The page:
Three people have died in Sweden as part of a Listeria outbreak that may have been caused by smoked fish.

Folkhälsomyndigheten (the Public Health Agency of Sweden) said deaths of three of the older patients were connected to their Listeria infections but it is not clear if they died with or because of listeriosis.

From the end of May to the beginning of July, 10 people contracted Listeria infections caused by the same type of the bacteria. Another four people fell ill in late 2022 from this strain.

Patients are 10 men and four women aged 63 to 93 years old. They live in eight different regions in the country.

Based on information from a questionnaire given to patients about foods they ate before becoming sick, many reported eating gravad or cold-smoked salmon but the exact product that caused the outbreak is not yet clear.

Warning for vulnerable groups
Folkhälsomyndigheten, Livsmedelsverket (the Swedish Food Agency) and regional infection control units are investigating the illnesses.

Livsmedelsverket said Listeria can cause serious illness for people in at-risk groups, such as pregnant women, the elderly and people with impaired immune systems.

“Those who belong to a risk group — or who are to offer food to someone in a risk group — can reduce the risk of infection by following the Swedish Food Agency’s advice on Listeria. Certain foods such as blue cheeses should be avoided completely, while other foods such as cold smoked and gravad salmon should be eaten within a week of the date on the packaging,” said Jonas Toljander, a microbiologist at Livsmedelsverket.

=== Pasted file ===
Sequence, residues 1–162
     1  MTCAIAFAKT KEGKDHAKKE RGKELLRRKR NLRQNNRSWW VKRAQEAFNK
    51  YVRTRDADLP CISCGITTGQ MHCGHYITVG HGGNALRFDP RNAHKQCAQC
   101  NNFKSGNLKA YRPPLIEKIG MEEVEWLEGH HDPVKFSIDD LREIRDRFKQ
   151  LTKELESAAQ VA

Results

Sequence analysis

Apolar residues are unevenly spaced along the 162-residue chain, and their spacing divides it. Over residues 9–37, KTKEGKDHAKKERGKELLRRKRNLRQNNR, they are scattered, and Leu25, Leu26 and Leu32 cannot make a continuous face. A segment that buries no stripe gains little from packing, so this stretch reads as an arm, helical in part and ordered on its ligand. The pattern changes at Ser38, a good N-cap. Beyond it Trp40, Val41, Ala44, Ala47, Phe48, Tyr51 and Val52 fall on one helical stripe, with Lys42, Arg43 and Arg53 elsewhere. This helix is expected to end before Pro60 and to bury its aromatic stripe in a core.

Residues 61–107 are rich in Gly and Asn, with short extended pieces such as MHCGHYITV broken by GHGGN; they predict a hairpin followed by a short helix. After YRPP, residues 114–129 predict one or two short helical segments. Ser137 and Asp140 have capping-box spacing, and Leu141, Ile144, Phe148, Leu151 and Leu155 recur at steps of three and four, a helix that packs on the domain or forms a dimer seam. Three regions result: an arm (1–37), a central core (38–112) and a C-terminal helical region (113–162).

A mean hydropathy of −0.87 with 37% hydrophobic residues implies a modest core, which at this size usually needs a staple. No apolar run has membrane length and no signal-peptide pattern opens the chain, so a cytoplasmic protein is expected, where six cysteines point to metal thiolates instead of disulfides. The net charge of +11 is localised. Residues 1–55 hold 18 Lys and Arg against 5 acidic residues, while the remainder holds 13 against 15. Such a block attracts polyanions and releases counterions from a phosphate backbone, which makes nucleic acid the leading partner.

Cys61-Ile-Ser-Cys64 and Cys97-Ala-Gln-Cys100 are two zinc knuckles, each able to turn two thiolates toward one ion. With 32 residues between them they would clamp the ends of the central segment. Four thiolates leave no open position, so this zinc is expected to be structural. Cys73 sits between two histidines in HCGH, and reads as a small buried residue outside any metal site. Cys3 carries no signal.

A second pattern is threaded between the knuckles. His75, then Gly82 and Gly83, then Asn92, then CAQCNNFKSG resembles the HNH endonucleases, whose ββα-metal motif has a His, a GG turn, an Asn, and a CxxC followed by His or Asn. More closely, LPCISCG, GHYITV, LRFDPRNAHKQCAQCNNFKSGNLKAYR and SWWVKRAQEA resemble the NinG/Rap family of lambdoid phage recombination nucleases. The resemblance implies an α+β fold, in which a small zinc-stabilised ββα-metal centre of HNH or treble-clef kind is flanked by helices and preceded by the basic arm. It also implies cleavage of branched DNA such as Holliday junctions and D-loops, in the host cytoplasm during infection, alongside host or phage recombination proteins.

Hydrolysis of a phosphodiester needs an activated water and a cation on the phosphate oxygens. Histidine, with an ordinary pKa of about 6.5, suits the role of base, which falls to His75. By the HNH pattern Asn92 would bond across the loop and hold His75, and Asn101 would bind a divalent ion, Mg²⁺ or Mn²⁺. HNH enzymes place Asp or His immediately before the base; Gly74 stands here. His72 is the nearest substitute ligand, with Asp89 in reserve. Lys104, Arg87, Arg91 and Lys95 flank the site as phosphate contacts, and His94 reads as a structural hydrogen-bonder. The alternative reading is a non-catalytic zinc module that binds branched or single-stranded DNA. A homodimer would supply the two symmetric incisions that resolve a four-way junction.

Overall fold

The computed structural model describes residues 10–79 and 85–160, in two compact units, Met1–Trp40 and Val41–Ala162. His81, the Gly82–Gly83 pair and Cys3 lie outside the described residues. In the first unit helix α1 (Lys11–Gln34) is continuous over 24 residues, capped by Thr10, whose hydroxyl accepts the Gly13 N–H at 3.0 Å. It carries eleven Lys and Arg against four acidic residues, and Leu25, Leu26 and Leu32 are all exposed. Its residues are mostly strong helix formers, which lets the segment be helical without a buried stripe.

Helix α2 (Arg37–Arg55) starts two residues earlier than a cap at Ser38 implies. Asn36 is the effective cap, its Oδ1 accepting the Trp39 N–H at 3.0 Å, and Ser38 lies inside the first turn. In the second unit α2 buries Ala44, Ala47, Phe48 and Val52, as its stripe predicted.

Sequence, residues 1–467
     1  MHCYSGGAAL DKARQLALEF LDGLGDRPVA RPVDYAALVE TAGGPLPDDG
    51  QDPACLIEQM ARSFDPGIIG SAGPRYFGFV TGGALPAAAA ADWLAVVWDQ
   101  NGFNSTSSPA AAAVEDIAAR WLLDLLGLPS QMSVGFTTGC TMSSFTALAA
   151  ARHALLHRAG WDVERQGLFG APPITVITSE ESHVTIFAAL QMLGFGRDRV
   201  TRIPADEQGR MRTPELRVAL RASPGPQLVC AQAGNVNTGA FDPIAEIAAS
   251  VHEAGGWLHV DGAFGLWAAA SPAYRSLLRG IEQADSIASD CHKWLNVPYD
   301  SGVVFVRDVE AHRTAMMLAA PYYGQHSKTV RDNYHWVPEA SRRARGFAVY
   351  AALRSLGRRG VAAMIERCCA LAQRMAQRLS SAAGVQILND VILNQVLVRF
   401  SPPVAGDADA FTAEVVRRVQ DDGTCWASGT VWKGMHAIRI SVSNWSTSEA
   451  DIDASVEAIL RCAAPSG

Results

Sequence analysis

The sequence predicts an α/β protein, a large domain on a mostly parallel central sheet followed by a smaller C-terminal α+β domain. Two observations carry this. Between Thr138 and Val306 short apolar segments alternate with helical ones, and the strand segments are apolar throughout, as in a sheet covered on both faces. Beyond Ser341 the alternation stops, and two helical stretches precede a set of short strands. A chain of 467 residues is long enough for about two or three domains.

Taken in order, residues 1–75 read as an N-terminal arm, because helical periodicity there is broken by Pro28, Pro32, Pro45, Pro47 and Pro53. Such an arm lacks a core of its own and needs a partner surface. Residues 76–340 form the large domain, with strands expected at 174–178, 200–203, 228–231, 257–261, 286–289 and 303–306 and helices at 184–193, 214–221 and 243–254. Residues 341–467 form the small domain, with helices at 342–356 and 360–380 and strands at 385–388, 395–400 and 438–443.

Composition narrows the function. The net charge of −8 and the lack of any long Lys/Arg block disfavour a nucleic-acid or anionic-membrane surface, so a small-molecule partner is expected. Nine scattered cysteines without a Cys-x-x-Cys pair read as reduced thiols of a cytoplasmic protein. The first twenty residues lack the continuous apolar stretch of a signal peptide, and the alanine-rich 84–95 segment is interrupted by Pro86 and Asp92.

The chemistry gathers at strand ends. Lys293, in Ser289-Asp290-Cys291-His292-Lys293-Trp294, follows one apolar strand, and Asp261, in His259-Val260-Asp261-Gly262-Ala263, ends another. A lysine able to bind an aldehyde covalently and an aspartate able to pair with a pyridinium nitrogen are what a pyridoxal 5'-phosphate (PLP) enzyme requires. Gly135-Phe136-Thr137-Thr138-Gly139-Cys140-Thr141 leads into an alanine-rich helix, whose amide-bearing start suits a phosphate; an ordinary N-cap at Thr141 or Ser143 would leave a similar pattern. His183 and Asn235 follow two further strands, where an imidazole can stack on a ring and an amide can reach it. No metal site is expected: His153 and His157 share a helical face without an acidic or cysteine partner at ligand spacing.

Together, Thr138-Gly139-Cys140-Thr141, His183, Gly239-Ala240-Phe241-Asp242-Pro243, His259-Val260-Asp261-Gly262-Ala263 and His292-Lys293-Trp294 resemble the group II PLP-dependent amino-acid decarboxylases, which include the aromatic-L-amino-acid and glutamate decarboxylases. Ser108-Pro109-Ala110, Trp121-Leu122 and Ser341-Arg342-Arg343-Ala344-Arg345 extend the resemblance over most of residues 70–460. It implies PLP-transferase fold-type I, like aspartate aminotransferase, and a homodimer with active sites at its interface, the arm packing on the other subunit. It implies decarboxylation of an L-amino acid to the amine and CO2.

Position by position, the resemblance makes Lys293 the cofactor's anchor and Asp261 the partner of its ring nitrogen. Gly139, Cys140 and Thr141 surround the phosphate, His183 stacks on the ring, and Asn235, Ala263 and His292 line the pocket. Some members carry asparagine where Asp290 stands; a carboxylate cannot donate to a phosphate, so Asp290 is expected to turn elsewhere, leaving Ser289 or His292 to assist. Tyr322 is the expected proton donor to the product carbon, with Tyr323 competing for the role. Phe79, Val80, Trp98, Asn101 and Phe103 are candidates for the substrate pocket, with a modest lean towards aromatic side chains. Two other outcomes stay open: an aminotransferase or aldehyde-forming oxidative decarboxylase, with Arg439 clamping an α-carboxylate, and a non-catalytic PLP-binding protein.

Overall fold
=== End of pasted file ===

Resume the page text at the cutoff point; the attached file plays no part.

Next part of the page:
In 2022, 125 listeriosis cases were reported compared to 107 the year before. The median age was 79 and as in previous years, most were older than 80. Overall, 45 people died within one month of diagnosis.

National and local authorities took 266 samples from different types of food to test for the presence or absence of Listeria monocytogenes in 2022. The pathogen was detected eight times. Two of these were vacuum-packed salmon taken as part of work into a suspected food poisoning or complaint.

About Listeria infections
Food contaminated with Listeria monocytogenes may not look or smell spoiled but can still cause serious and sometimes life-threatening infections. Anyone who has developed symptoms of Listeria infection should seek medical treatment and tell their doctors about the possible Listeria exposure.

Also, people should monitor themselves for food poisoning symptoms during the coming weeks because it can take up to 70 days after exposure to Listeria for symptoms of listeriosis to develop. 

Symptoms of Listeria infection can include vomiting, nausea, persistent fever, muscle aches, severe headache, and neck stiffness. Specific laboratory tests are required to diagnose Listeria infections, which can mimic other illnesses. 

Pregnant women, the elderly, young children, and people such as cancer patients who have weakened immune systems are particularly at risk of serious illnesses, life-threatening infections, and other complications. Although infected pregnant women may experience only mild, flu-like symptoms, their infections can lead to premature delivery, infection of the newborn, or even stillbirth.

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